By Bill Wine
KYW Newsradio 1060
PHILADELPHIA (CBS) – The makers of Ender’s Game hope it’s just the beginning.
And, given the quality of this terrific, teen-targeted science fiction action-adventure thriller, an unabashed franchise hopeful in the vein of Harry Potter meets Star Wars, it might be just that.
Crisp and glossy, intense without being oppressive, Ender’s Game is set in the not-so-near future, 50 years after a horrific war, when a bullied but gifted 12-year-old, Andrew “Ender” Wiggin, played by Asa Butterfield (who played the title role in Martin Scorsese’s brilliant Hugo), is recruited by the military and sent to an abandoned military school in space to prepare for an imminent invasion by hostile aliens, the Formics, who previously attacked Earth.
The feeling is that perhaps the “world’s smartest children are the world’s best hope” and that children’s brains are more appropriately wired for modern military conflict.
And the hope is that perhaps Ender will be the savior, this young tactician who is so willing to resort to violence as part of his problem-solving process, to lead humankind’s last stand against these insect-like aliens.
When the Formics last attacked, in an attempt to colonize Earth, only a heroic stand under the command of International Fleet Commander Mazer Rackham, played by Ben Kingsley, saved the day and prevented complete annihilation.
In preparation for the next attack, the International Military’s well-respected Colonel Hyman Graff, the gruff mentor played by Harrison Ford – yep, Han Solo returns to space after several decades — is in charge of training the best children, computer-literate teens chosen on the basis of their gaming skills, in the hope of turning up a successor to Rackham.
Perhaps Ender, obviously shy but just as obviously strategically brilliant, can fill the bill, which is why he is pulled out of school to instead attend Battle School and attempt to master war games.
Prodigy Ender thrives and progresses and impresses – while making an enemy or two along the way — and is soon promoted to Command School, where he is trained by Rackham himself to lead his fellow soldiers into battle, with no less than the future of the human race at stake.
With all the military training and buggy aliens, Ender’s Game certainly recalls 1997’s Starship Troopers, but features younger soldiers.
Butterfield — so fine in not only Hugo but 2008’s amazing The Boy in the Striped Pajamas — is equally effective here, and is solidly supported by an ensemble that includes not only polished pros Ford and Kingsley but three female Oscar nominees: Viola Davis as a shrink, Hailee Steinfeld as a fellow recruit, and Abigail Breslin as Ender’s sister.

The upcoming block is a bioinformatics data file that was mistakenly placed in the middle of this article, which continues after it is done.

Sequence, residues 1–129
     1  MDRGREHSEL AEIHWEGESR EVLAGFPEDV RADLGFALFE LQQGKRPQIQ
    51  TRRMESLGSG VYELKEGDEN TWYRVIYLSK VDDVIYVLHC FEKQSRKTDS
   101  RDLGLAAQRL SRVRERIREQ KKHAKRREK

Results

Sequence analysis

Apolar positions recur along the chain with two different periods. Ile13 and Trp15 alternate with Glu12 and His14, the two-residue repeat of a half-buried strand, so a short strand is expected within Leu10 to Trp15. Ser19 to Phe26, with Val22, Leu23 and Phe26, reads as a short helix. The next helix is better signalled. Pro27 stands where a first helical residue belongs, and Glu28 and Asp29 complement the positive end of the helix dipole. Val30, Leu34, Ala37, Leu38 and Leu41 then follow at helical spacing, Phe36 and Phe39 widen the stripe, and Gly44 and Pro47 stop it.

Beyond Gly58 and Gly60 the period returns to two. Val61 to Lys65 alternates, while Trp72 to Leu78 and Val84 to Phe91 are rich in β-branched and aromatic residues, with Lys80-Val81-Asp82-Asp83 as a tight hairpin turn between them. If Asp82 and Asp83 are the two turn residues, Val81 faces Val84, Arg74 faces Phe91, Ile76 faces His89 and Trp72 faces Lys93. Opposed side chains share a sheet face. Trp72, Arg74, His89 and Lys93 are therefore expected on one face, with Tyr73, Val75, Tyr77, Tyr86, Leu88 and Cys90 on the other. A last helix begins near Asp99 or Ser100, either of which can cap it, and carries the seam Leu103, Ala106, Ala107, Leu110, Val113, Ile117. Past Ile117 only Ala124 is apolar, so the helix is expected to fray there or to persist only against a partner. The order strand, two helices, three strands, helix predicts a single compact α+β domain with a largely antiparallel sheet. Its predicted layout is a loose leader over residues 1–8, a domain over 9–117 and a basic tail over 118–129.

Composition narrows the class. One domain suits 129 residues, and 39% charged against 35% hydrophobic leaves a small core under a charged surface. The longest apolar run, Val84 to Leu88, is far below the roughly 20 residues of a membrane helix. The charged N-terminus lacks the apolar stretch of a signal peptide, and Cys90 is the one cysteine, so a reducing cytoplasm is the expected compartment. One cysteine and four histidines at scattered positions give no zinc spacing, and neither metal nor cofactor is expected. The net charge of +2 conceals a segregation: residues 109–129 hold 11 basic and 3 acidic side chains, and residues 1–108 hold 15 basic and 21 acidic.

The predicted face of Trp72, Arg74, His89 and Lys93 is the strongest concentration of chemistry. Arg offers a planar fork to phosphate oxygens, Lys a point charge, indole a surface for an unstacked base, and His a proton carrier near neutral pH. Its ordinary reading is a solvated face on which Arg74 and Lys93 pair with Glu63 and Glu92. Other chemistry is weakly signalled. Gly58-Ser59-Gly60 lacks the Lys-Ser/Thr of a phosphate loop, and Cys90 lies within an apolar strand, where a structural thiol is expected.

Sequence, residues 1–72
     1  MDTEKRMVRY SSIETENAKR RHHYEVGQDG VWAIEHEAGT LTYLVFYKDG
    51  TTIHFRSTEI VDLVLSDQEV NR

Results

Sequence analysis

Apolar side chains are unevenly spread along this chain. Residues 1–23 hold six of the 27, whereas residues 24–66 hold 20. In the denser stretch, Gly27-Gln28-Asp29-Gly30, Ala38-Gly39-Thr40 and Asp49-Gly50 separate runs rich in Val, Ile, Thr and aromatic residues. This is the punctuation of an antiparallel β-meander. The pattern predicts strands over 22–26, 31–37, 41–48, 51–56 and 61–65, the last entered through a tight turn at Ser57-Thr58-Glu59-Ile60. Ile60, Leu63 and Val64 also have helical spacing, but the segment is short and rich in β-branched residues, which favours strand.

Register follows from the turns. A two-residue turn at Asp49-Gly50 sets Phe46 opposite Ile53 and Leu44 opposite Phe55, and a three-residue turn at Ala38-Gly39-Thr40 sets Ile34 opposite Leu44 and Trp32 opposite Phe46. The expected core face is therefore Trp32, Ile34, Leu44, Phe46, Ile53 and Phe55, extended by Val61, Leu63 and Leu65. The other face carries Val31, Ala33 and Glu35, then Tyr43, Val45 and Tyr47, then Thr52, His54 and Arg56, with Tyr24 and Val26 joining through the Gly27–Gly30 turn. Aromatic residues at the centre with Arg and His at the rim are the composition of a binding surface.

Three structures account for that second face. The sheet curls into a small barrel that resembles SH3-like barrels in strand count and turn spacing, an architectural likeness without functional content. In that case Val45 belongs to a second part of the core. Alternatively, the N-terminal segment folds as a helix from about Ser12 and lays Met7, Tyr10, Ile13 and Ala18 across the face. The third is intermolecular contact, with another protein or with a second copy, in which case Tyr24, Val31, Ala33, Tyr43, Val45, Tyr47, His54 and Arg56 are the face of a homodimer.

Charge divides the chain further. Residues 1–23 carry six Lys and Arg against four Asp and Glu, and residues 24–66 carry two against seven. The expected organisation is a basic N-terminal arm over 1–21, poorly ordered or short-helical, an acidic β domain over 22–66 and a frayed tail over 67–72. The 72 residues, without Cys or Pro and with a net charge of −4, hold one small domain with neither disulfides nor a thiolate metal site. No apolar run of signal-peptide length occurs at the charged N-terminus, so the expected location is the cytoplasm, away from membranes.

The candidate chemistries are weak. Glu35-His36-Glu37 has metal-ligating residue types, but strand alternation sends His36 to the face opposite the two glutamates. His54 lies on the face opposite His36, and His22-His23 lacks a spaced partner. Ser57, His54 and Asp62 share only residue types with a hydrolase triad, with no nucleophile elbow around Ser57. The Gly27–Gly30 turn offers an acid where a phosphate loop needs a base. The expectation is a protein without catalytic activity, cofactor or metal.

South African director Gavin Hood (X-Men Origins: Wolverine, Rendition, Tsotsi) also wrote the indisputably thought-provoking adaptation, in which ideas matter as much as visuals and action, with the focus on brains over brawn as it explores the morality of violence, and what part conscience and compassion play in military conflict.
Rarely if ever has a popcorn movie taken on violence and video games and embedded it so organically, thoroughly, and productively in the narrative.
And the special effects, which are slick and convincing, never pull focus from the drama.
The source material is the first book in the series, the award-winning 1985 Young Adult best-seller by Orson Scott Card, the great-great-grandson of Brigham Young whose personal opposition to gay marriage has created for the film a controversy, protest, backlash, and proposed boycott.
But for viewers who keep art separate from the artist, this is the kind of kidflick that not only demonstrates vividly why kids will dig it, but that turns anyone who hasn’t been a kid for quite some time back into one for a couple smartly entertaining hours.
Game over and nicely done.
So we’ll train 3 stars out of 4 for a futuristic epic adventure aimed at a youthful audience that may or may not launch a franchise, but that does stand alone as a generous helping of sci-fi food for thought. That is, Ender’s Game justifies the means.